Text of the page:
Working with social media influencers

We're very fortunate to be in the business we're in. We've got a highly desirable product that's great fun to work with and an incredibly dedicated and interested customer base of first time buyers looking to upgrade their cooking experiences through to private and professional chefs working in some of the best restaurants and hotels in the world and a wide range of collectors who enjoy the craft and skill that goes into making Japanese chef knives.

In the time we've been running Cutting Edge Knives, we've worked with a number of influencers across a range of platforms and have learned some lessons about engagement and return on investment that we feel are worth sharing.

As such, we have a couple of ground rules for anyone looking to collaborate with us or request freebies or discounted products because it's easy to fire out cold emails and messages to companies in the hope of scoring some free goodies in exchange for a mention on Instagram or Facebook/whatever platform.

Our hope is to provide a fair exchange of goods and services and be up front about just how successful the average influencer campaign actually is.

1. Follower count is less important than true engagement

You may have many thousands of followers on Instagram but we've found that when we look a little deeper, engagement for many accounts is still low. If you're not generating significant discussion and interaction on your posts then we'd almost certainly prefer to find someone with an audience a tenth of the size but better and more relevant engagement.

As an example, 100k Instagram followers generating less than 1000 comments and likes (only 1% engagement) per post is unlikely to generate any measurable return for us unless you're influential in a specific market (see #3). 

In a world of bots and being able to buy 25000 followers for less than $300 etc it's an easy way to see the value in the headline follower count because once you break down the figures based on how many people see the initial post in their feed/timeline (probably about 40% of follower count thanks to Insta/FB algorithms), who then opens it to read more and who actually takes action the numbers dwindle pretty fast.

2. Show us the stats

If you're a genunine and relevant influencer then of course we'd love to have a chat about previous ads/collabs and promotions you've run for people or businesses and what sort of engagement, ROI/ROAS those campaigns have had and how your influence might help us expand our business too.

Ultimately influencing is an advertising business and we already pay for ads through Google and other platforms and get extensive analytics and feedback on what our hard earned cash is generating so we'd expect the same from you.

If you're charging a fee for advertising on whatever your brand platform of choice is, please let us know up front how you charge and what sort of returns we can expect from our investment and how past clients have benefitted from working with you. Bonus points for providing testimonials that can be validated.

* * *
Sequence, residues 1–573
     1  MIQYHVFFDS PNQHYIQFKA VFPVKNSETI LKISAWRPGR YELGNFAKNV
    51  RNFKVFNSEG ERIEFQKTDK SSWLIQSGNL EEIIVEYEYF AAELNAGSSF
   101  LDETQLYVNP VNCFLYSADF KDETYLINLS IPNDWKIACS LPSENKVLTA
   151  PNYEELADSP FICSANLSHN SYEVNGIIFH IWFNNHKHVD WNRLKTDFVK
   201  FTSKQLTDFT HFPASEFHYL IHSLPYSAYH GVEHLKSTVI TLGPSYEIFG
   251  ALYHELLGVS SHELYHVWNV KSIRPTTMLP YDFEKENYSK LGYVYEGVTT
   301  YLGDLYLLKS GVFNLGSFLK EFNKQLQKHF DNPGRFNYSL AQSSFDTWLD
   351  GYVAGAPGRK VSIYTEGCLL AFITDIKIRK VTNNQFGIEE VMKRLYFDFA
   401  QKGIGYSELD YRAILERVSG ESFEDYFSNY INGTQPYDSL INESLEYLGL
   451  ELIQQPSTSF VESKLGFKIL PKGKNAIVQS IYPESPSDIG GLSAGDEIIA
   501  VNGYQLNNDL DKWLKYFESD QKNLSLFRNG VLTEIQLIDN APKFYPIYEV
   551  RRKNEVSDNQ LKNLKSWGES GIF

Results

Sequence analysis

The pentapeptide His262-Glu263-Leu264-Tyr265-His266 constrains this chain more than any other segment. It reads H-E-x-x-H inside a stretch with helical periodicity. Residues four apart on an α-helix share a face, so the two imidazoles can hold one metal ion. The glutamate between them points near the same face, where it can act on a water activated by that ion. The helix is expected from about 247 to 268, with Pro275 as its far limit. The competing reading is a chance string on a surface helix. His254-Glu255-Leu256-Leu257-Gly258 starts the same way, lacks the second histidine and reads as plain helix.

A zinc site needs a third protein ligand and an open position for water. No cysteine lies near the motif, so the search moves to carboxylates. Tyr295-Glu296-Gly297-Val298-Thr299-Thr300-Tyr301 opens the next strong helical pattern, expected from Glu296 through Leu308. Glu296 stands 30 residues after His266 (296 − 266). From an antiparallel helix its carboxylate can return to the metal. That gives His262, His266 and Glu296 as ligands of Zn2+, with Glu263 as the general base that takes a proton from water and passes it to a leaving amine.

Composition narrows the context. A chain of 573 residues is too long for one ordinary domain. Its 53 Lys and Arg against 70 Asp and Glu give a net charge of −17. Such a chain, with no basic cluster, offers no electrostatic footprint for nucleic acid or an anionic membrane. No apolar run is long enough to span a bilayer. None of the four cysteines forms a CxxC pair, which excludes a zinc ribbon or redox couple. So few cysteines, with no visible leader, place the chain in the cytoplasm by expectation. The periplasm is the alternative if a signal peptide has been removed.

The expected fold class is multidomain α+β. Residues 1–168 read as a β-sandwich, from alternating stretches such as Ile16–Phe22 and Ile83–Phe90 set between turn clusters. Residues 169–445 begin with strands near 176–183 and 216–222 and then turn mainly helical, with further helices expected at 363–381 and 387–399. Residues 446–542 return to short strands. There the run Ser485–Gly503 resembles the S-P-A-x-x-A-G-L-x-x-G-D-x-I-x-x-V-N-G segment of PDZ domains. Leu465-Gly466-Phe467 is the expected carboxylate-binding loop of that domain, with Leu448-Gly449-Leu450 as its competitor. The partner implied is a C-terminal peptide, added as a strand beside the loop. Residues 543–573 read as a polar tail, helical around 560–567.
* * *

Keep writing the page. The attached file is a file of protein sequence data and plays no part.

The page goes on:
3. Do you or your audience cook?

Are you a keen cook, perhaps a professional with reach and influence in the industry in which we work and sell our products?

Ultimately, the one consistent thing we know is that when we spend our money on things like Google Adwords - we are definitely reaching the people we intend to reach so if we work together we'd certainly expect the same type of engagement from a relevant audience.

After all, if you don't have a follower base who are specifically interested in cooking, homewares and Japanese knives then we'd probably be better off spending that marketing budget on Adwords.

4. Ours isn't a product bought on a whim

For some products, typically low cost items - quick Instagram/FB posts might work. There's less of a gamble if you buy something a person is promoting when it costs less than a tenner. 

Our visitors typically make several visits to our site and read a number of pages and view multiple products before committing to their purchase because it's a high value item so fleeting posts that disappear on an Instagram or Facebook timeline don't work for us. 

5. We don't do discount codes in exchange for influencers

This one is tricky, on the one hand - discount codes generate engagement and they provide a really easy to track (initially) means of knowing how many sales a campaign has generated. 

However, our experience is that those codes simply end up on voucher code websites and people who've never seen the original Instagram post a month or a year back were finding the codes and getting a discount that we'd never intended which of course impacts our bottom line. 

6. No freebies - But we're happy to give commission on sales

This is the bottom line I guess. There's not much value in us giving away what is ultimately a product we'll be able to sell if it's not going to generate a significant ROI.

If you're a true influencer, rather than give away our product we'd be more than happy for you to buy the items you like at normal price and if you then promote them and drive sales from the engagement you're able to generate then we'd be more than happy to pay a 10% commission on every sale we can attribute to whatever campaign/ad/post we work together on. 

That way, it's a fair deal - you know your audience better than we do and if you think we're a company or brand that would fit with them then any ad you run will ultimately result in you owning a product you love (our knives) as well as a positive ROI for all involved. 

Wrapping up

We're always interested in hearing about opportunities so if you think you can ultimately generate a return on an investment in you or your advert then we'd love to chat but in an ever more competitive advertising market, we're keen to get the best value on the money we spend. 

If you've got a proposal for a marketing campaign then don't hesitate to contact us.